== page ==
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A memorable trip to the Wellfleet Drive-In

The Wellfleet Drive-in
The Wellfleet Drive-in

This summer is the 65th anniversary of the Wellfleet Drive-in, the only drive-in movie theater on Cape Cod. Many people, locals and vacationers, have fond memories of watching first-run and classic movies under the stars, whether it was shivering with delight watching Jaws or interacting with sing-along-dance-along features such as Mama Mia.

Over the years I have been to the drive-in dozens of times, but nothing can match my first experience there. The year was 1964, and I had a job that summer collecting garbage for the Cape Cod Refuse Company, whose memorable slogan was “SATISFACTION GUARANTEED OR DOUBLE YOUR GARBAGE BACK.”

The company was owned by Dave Furness, a quirky, multitalented individual of multifaceted interests. Among other things, he had studied Symbolic Logic at the New School in New York City before coming to Wellfleet. In addition to the trash collection business he also ran, out of the same building, a used record store called the Record Rack. (One local wag referred to the combined businesses as “Garbage in, Garbage Out.”).”

The garbage truck I drove was a veteran vehicle that Dave had picked up at an auction in the Berkshires. It had gears that sounded like a metallic avalanche and was painted the color of a ripe avocado, which prompted its nickname, “The Green Monster.” Because most of the garbage was collected in the mornings, I had to go to bed by 8 p.m. and get up by 3 a.m. As a result, my social life that summer was virtually non-existent. Dave must have sensed my loneliness, and he suggested that we double-date on my day off. He knew a couple of Wheaton College girls who were waitressing here that summer, and he invited them to go with us to the drive-in. The movie that was playing that weekend was Where the Boys Are, which followed the adventures of four co-eds on their spring break in Fort Lauderdale. It was described as one of the first American films to explore adolescent sexuality and changing mores. It seemed a propitious choice.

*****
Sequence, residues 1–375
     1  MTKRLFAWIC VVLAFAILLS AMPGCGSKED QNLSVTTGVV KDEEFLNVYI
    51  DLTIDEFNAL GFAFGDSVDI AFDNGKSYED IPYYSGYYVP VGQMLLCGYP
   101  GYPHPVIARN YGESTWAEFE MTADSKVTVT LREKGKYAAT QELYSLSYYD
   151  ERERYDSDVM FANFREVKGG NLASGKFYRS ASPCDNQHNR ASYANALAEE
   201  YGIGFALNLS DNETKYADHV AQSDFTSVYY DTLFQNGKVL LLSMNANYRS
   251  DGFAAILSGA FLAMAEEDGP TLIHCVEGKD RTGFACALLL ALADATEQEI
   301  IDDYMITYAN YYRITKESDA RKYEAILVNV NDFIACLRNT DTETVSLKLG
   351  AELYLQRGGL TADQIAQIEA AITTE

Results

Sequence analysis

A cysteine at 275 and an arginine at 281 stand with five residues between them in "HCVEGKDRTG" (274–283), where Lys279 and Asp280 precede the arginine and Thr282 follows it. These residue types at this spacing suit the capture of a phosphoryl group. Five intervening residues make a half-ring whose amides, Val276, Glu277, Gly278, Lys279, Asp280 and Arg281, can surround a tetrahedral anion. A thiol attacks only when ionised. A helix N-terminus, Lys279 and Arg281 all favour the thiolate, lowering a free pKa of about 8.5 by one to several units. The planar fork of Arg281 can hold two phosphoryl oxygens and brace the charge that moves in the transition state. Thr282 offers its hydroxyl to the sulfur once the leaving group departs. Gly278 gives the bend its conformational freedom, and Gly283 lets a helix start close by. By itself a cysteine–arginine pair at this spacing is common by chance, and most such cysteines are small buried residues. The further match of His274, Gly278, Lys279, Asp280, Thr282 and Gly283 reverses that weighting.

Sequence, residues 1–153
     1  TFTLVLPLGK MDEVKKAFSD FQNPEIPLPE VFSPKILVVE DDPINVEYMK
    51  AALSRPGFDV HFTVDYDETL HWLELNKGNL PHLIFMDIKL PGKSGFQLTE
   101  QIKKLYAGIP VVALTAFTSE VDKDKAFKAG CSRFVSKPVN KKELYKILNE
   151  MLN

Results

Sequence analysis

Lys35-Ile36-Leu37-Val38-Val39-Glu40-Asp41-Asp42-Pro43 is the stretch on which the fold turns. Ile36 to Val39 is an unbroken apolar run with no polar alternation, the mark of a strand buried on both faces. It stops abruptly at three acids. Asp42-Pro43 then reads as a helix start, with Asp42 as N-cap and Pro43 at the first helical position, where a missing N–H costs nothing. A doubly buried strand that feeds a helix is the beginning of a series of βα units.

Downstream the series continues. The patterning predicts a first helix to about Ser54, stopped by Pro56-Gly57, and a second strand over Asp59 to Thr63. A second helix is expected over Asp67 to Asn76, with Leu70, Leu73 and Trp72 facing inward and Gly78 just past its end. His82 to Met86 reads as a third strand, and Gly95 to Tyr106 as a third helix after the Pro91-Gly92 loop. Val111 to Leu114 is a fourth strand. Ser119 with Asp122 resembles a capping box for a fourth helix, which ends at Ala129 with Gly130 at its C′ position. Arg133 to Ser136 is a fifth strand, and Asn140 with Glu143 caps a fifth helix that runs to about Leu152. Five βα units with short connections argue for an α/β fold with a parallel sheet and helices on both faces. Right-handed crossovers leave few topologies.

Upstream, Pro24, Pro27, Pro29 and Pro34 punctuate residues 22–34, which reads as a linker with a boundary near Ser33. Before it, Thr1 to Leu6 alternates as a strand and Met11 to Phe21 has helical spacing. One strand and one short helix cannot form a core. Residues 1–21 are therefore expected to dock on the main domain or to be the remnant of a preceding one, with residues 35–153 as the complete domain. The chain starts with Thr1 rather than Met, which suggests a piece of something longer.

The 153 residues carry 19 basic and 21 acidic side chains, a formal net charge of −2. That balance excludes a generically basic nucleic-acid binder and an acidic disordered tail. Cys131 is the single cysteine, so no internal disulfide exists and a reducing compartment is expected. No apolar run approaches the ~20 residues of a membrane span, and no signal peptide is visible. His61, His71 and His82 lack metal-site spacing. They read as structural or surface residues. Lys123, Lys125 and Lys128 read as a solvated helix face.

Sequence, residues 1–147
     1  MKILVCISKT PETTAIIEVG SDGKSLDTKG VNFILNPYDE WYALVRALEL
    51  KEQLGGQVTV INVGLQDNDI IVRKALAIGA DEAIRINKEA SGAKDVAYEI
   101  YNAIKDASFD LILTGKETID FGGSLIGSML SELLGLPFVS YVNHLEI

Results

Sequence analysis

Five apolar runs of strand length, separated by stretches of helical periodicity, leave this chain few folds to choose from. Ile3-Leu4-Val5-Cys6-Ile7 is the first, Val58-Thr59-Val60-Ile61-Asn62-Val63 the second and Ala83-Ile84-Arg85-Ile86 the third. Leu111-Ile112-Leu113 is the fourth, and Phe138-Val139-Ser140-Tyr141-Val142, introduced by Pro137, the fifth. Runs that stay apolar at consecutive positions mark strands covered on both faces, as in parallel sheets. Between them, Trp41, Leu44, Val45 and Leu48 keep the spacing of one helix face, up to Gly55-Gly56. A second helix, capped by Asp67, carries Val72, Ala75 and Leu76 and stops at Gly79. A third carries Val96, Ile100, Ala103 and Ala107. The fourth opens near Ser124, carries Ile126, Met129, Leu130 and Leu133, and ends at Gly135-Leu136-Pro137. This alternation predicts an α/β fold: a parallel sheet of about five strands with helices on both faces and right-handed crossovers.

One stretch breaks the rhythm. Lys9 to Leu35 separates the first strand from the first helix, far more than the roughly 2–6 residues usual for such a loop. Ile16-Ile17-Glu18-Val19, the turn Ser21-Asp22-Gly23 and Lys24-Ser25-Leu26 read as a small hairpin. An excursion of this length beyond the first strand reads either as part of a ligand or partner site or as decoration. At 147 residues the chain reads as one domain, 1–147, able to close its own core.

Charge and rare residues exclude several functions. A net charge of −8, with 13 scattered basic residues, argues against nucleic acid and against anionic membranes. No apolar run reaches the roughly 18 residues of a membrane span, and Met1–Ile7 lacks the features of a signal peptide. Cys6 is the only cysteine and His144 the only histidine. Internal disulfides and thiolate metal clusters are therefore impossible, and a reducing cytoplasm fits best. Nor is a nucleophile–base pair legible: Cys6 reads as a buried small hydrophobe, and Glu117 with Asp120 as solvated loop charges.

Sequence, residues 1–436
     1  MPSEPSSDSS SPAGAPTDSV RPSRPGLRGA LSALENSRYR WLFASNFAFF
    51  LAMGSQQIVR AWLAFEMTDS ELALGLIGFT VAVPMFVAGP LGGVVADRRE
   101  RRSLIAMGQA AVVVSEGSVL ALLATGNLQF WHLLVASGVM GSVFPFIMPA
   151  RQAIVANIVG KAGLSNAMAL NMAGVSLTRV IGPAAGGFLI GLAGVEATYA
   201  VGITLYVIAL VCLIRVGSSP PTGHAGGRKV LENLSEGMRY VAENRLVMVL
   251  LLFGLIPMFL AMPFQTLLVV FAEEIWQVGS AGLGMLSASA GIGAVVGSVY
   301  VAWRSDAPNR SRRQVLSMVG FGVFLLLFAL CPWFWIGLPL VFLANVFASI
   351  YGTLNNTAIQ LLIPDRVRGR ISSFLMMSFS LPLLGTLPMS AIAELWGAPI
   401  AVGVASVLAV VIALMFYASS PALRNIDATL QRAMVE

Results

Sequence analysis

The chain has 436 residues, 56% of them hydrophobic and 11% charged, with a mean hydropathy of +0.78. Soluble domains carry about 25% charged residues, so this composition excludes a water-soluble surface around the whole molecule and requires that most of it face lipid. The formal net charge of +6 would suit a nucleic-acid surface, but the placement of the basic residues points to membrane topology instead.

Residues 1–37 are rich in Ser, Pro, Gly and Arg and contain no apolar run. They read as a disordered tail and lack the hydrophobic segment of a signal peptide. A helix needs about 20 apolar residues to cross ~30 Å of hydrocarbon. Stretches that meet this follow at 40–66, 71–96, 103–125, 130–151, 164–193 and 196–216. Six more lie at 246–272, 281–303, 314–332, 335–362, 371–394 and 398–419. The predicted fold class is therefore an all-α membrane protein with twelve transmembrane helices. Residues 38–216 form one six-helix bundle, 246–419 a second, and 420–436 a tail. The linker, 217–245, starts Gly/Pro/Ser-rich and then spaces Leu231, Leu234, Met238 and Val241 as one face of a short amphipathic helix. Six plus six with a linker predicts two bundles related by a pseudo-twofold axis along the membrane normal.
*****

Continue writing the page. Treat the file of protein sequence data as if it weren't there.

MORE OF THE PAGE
What the girls didn’t know, or me neither, was that Dave planned to take us all to the drive-in in the Green Monster. He thought it would be “romantic” to park the truck facing away from the screen, raise the garbage container, and watch the movie on the top of the slanted body. The girls, to their credit, were game for it. We all squeezed into the cab and headed to the drive-in.

The first problem came when we got to the ticket booth.

“You can’t take that thing in here!” bellowed the ticket taker.

But Dave had an exceptionally ingratiating manner and appealed to the ticket taker’s sense of adventure and romance.

“Well,” he finally conceded, “I guess I’ll let you in this one time, but you’ll have to park it in the last row,” which seemed not necessarily a drawback to Dave and me.

We navigated our way to the back of the parking lot, where the girls and I got out of the cab, and Dave elevated the back of the truck. What we didn’t realize was that over the summer Dave and I had become inured to the ripe odor of garbage coming from the back of the truck, but the girls obviously had not. “No way are we getting up there!” they said, and insisted that Dave turn the truck around, whereupon they got into the cab to watch the movie while Dave and I stood outside, listening to the dialogue on the small monaural speakers that attached to the truck windows. Needless to say, it was a less than successful drive-in date, but nonetheless a memorable one.

A nature writer living in Wellfleet, Robert Finch has written about Cape Cod for more than forty years. He is the author of nine books of essays. A Cape Cod Notebook airs weekly on WCAI, the NPR station for Cape Cod, Martha's Vineyard, Nantucket, and the South Coast. In both 2006 and 2013, the series won the New England Edward R. Murrow Award for Best Radio Writing.